Empty stands a worry

A DISAPPOINTINGLY low turnout for Saturday's second-round World Cup clash between Uruguay and South Korea has been partly blamed on unsold tickets and no-shows.

A DISAPPOINTINGLY low turnout for Saturday's second-round World Cup clash between Uruguay and South Korea has been partly blamed on unsold tickets and no-shows.

Uruguay's 2-1 win over South Korea was played at a Nelson Mandela Bay Stadium in Port Elizabeth that had more than 12000 of its 42000 seats unoccupied.

The official crowd figure of 30597 was the smallest for any of the six World Cup matches staged at the venue, which was built at a cost of R2,1billion.

The opening game, South Korea's first visit when they beat Greece 2-0, also failed to fill the seats, with only 31513 turning up.

By contrast the biggest crowd of 38294 was recorded for Germany's 1-0 loss to Serbia.

Fifa say that 5000 tickets for Saturday's round of 16 clash had gone unsold, while a further 1500 ticket holders failed to attend.

In an interview yesterday with The Herald newspaper, municipal 2010 director Errol Heynes also put the low attendance down to the fixture's lack of star appeal.

"It was a bit unfortunate as the teams are not popular locally," he told the paper.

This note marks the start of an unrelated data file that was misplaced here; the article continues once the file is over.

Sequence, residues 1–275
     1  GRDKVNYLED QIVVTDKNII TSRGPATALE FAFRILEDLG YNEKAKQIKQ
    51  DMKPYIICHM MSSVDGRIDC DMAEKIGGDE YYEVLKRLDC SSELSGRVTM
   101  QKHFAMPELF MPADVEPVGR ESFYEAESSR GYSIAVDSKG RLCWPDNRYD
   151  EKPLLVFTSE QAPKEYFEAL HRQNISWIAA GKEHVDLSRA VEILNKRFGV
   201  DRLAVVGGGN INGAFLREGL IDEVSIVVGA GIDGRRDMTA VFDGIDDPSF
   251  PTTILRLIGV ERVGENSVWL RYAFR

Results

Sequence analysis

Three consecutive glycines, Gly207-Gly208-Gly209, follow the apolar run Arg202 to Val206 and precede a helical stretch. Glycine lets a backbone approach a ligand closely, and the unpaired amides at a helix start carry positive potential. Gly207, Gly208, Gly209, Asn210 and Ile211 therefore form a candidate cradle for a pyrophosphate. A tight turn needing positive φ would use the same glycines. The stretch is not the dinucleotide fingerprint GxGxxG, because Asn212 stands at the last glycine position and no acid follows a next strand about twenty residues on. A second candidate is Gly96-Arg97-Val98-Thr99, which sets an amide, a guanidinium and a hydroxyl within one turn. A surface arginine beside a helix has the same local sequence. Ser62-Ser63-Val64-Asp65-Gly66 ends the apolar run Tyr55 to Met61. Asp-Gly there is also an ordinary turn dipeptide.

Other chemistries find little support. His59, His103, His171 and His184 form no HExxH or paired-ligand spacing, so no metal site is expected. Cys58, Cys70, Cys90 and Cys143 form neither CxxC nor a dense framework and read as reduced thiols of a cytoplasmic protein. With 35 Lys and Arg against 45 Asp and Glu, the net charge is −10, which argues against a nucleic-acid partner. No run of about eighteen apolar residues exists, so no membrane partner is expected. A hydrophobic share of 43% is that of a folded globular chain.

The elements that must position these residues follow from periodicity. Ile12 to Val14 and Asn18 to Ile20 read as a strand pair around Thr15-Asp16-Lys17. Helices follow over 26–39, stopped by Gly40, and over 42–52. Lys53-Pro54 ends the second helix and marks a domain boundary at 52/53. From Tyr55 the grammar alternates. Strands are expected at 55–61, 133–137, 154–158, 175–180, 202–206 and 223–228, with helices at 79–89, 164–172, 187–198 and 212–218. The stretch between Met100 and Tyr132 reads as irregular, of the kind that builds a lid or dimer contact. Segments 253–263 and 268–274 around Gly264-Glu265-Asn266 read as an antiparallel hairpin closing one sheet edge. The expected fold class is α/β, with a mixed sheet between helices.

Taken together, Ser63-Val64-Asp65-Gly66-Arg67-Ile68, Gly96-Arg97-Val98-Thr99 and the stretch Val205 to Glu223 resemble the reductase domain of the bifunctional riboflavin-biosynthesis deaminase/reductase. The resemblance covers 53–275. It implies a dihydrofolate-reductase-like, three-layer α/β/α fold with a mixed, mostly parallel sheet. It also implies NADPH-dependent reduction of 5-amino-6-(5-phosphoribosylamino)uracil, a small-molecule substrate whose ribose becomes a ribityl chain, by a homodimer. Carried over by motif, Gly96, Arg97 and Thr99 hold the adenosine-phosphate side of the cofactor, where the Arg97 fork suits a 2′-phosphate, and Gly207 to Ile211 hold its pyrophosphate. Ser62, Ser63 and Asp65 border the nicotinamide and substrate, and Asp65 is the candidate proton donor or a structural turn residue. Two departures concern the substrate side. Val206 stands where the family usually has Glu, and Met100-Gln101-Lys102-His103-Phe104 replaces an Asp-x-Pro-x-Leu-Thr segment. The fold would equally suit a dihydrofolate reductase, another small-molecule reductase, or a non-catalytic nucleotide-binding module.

Fifa media officer Wolfgang Eichler said that some ticket holders had failed to turn up due to poor ticket distribution and transport problems.

Hopes are high for a bumper crowd at Friday's seventh game in Port Elizabeth, a quarterfinal clash that could feature Brazil.

Heynes suggested this sleepy Eastern Cape port city had struggled to attract fans due to its position, in the shadow of the far more popular tourist destination of Cape Town.

He said: "We have got to market ourselves vigorously so that we can be recognised like cities like Cape Town. Strong marketing campaigns are needed. This World Cup should serve as a catalyst for the international community to see what the Bay looks like, in order to get an influx of visitors." - Sapa-AFP

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